Some of the managed care plans have posted some information on their websites -- e.g.
What to do if a CDPAP aide does not report to work after November 1st, or if there are other coverage problems --
Contact the CDPAP fiscal intermediary and find out their reason for not showing up. E.g. they've been told that they may not be paid for services they provide starting Nov. 1st. (List of the CDPAP "fiscal intermediaries" in NYS by county (updated May 2012). Or see CDPAANYS online list statewide.
Contact the Managed Care plan -- If the CDPAP fiscal intermediary or home care provider agency indicates that the problem is related to the managed care takakeover or carve-in of personal care or CDPAP services, call the member services general information number for the Medicaid recipient's managed care plan - use this statewide list or NYC list. Carefully record what they tell you:
No information or knowledge about personal care/CDPAP services
Personal care/CDPAP services are not included in the benefit package
Services are suspended or reduced pending re-assessment
Register a formal complaint to the NYS Managed Care Complaint Line: 800-206-8125
Contact the NYSDOH Division of Managed Care:
Phone - (518) 473-1134
E-mail - e-mail to:
Send an e-mail summarizing the information you have collected to HLU@legal-aid.org. The Legal Aid Society, together with Selfhelp Community Sevices and the New York Legal Assistance Group are collecting information regarding the response of the home care agencies, the managed care plans and the state offices responsible for oversight. Please do not include clients' names or other personal identifying information without a release which should be attached to the e-mail. At this time, we are collecting these reports to monitor this process on behalf of a group of advocates. We cannot commit to represent any particular client on these issues, but will communicate with you to provide advice about the case and will keep you apprised of any developments we learn about regarding this issue.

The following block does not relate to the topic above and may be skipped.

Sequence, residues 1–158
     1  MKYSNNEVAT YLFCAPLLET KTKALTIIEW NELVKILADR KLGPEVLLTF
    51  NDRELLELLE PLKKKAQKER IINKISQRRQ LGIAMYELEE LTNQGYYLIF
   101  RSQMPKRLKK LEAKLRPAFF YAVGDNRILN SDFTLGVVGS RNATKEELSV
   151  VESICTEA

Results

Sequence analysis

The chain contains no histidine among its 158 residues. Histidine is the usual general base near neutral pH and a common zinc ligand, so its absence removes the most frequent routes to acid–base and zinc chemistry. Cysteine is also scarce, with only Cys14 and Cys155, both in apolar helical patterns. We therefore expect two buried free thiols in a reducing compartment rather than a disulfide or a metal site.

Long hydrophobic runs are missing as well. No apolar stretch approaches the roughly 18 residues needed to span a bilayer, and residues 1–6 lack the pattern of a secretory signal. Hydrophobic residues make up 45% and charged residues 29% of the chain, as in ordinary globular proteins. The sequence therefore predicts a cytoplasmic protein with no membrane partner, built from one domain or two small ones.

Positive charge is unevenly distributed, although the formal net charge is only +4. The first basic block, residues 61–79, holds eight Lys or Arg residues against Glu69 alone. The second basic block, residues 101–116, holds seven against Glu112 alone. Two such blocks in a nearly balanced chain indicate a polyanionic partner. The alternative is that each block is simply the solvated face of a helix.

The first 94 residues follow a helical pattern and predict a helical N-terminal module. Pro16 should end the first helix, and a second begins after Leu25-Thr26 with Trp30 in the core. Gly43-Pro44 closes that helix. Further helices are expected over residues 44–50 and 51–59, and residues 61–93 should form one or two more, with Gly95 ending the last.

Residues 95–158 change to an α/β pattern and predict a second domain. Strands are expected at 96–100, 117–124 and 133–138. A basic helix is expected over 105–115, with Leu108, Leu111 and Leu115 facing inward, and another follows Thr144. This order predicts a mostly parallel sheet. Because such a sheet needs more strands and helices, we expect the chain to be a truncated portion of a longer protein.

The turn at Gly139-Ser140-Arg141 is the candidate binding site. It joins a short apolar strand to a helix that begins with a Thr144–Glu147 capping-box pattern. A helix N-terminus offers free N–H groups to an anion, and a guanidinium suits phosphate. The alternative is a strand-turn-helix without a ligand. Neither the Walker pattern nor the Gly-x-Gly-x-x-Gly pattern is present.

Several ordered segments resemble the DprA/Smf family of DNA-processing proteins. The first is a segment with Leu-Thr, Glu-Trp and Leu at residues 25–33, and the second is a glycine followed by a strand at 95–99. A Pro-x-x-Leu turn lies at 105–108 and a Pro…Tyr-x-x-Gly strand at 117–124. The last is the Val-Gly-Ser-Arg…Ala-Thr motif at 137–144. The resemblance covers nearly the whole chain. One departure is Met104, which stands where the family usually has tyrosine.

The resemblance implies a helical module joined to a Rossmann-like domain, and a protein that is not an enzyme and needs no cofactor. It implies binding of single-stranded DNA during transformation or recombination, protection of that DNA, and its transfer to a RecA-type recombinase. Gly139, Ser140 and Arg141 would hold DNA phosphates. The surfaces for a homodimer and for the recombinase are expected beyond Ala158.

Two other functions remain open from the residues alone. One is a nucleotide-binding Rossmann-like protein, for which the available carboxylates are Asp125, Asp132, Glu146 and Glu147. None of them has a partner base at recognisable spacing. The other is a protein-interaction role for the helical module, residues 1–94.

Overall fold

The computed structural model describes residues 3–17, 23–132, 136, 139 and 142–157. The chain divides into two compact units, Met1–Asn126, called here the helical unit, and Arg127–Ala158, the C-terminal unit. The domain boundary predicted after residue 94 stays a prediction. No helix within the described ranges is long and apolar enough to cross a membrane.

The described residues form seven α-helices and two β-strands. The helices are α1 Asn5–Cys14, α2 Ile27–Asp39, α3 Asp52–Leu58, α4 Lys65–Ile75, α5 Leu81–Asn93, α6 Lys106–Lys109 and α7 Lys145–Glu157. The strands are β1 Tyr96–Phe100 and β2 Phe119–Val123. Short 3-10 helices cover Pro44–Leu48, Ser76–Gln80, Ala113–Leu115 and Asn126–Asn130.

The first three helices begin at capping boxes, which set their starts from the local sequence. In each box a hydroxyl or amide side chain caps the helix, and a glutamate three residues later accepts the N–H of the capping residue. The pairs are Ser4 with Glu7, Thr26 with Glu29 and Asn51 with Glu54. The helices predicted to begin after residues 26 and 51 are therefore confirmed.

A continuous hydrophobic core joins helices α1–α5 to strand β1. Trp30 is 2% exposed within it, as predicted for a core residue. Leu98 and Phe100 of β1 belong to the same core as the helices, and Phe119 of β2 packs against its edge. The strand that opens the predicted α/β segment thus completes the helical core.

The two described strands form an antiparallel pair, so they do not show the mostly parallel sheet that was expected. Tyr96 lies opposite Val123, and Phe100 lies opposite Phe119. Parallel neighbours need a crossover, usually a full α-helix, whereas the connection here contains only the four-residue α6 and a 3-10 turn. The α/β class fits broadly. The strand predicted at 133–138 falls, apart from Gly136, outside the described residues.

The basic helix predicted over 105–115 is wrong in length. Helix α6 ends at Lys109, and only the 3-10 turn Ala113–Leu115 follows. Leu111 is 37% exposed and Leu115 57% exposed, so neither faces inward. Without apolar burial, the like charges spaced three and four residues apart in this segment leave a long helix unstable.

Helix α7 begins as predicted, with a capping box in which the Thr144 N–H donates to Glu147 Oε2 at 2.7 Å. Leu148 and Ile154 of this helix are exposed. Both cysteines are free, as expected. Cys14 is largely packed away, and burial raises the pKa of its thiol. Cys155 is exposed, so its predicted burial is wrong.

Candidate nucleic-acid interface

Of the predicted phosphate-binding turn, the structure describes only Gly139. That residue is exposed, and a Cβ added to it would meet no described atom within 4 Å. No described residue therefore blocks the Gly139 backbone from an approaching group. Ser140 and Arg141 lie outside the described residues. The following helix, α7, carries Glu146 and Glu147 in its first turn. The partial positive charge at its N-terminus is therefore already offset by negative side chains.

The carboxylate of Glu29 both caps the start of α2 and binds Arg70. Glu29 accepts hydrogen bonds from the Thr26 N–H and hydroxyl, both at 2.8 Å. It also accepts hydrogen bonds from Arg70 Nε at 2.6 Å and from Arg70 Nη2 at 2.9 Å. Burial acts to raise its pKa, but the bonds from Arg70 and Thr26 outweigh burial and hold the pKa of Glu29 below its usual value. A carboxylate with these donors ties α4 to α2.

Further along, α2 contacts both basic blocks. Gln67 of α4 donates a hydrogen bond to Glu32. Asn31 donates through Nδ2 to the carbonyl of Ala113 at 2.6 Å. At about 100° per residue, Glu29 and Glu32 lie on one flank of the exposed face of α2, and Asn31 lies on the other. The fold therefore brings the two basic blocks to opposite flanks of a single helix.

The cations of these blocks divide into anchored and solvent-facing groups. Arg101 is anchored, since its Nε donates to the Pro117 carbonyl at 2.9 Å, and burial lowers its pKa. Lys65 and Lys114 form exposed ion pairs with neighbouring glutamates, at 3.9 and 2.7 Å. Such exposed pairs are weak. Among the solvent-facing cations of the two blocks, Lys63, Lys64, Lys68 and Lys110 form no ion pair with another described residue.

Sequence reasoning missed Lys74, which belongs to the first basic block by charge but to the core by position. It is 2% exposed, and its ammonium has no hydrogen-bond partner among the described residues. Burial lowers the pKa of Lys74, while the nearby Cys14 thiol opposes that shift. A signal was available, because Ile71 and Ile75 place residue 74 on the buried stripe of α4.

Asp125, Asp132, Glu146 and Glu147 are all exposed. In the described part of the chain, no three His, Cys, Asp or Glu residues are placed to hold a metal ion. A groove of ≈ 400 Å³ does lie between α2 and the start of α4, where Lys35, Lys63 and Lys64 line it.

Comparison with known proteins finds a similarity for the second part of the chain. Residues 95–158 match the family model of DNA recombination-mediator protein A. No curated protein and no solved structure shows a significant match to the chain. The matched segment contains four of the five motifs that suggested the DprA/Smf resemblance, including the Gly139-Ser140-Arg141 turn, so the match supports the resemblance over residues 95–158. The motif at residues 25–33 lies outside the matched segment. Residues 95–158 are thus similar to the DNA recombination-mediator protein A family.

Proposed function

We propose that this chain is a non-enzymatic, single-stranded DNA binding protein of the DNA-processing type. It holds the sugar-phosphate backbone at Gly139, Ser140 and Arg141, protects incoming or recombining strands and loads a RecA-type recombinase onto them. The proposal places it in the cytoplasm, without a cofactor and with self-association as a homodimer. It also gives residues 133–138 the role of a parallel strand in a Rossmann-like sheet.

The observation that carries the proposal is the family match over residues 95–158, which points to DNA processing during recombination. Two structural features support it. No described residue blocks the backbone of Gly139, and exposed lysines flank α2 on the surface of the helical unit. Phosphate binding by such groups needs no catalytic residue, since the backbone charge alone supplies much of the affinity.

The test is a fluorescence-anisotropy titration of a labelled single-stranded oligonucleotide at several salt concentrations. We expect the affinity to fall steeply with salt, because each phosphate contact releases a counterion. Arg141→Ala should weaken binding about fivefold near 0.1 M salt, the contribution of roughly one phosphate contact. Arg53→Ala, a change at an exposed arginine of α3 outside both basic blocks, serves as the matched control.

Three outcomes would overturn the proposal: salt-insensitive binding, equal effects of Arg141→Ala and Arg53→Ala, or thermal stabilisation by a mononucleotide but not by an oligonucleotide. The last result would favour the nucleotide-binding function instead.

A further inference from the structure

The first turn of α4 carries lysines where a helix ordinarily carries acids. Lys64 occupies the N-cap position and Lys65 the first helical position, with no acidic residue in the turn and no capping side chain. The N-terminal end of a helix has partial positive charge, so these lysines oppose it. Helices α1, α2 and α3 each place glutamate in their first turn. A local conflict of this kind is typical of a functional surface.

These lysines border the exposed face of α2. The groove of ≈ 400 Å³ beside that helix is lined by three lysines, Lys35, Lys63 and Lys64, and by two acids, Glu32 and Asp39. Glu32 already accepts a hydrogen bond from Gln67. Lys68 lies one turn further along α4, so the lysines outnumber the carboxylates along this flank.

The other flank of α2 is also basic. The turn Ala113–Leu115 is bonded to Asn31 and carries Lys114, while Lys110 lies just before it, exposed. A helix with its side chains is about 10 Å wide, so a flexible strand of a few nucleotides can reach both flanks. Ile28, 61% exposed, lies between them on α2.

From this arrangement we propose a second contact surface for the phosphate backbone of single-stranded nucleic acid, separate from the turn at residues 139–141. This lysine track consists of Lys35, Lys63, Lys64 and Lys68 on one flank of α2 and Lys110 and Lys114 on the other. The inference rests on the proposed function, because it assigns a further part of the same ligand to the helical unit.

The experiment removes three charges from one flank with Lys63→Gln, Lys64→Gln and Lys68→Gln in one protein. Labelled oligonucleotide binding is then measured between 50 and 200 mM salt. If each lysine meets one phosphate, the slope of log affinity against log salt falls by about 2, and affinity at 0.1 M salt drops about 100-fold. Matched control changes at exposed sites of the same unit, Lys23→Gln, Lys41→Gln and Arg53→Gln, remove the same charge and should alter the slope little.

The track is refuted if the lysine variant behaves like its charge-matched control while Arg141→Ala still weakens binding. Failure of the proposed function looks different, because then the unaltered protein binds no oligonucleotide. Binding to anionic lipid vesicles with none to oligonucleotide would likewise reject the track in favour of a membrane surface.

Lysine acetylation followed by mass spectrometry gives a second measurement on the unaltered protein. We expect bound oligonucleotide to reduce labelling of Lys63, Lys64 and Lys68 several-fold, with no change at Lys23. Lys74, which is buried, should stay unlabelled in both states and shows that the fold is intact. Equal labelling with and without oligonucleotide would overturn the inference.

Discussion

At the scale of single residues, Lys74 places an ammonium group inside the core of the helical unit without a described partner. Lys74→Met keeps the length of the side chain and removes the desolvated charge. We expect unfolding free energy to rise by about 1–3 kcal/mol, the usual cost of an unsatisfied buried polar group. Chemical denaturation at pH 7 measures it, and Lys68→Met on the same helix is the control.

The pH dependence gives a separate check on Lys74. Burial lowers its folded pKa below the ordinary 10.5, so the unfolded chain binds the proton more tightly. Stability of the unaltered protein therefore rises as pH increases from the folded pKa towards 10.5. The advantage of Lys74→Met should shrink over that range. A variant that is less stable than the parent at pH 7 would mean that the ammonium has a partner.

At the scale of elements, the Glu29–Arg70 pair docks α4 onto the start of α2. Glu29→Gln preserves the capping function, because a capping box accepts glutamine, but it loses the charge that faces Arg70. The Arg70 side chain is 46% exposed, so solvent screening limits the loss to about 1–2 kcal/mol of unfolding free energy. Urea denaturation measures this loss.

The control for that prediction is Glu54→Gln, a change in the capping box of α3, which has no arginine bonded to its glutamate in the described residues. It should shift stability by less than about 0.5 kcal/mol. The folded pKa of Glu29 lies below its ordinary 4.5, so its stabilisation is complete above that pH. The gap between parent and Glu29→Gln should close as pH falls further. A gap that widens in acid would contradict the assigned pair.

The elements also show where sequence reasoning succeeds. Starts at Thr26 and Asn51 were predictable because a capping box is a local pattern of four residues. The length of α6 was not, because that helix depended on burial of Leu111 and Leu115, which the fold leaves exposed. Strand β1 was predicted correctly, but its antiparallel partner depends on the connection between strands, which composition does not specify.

For advocacy guidance on particular client cases, you can e-mail Selfhelp at firstname.lastname@example.org. We can not promise to be able to respond, since we are short-staffed. If you do e-mail, please give detailed information as to what happened when you did all of the steps above (specify the name of the managed care plan, who you talked to and when, what was said), and specify the number of hours of personal care thta the client was receiving, for how long, client's date of birth, and what action has been taken.
If client lives in one of the 7 upstate counties in which Medicaid managed care is still voluntary, and not mandatory, she may be able to disenroll from the managed care plan and return to fee-for-service Medicaid.
AFTER THE INITIAL TRANSITION PERIOD, the managed care plans will reassess client's hours -
We expect they will threaten to reduce hours. Clients should be receiving written notice of a proposed reduction -- but may not. Whether or not they receive a written notice, here's what you can do:
1. File a complaint and/or appeal with the Medicaid managed care plan.
2. File a complaint with the State Department of Health Managed Care Complaint Line at (800) 206-8125.
3. Request a Fair Hearing. During a fair hearing, an independent state administrative law judge will hear your case. If you requested a Fair Hearing because your services were reduced or stopped, you may also be able to continue to receive these services while your fair hearing is being decided. This is called “aid continuing.”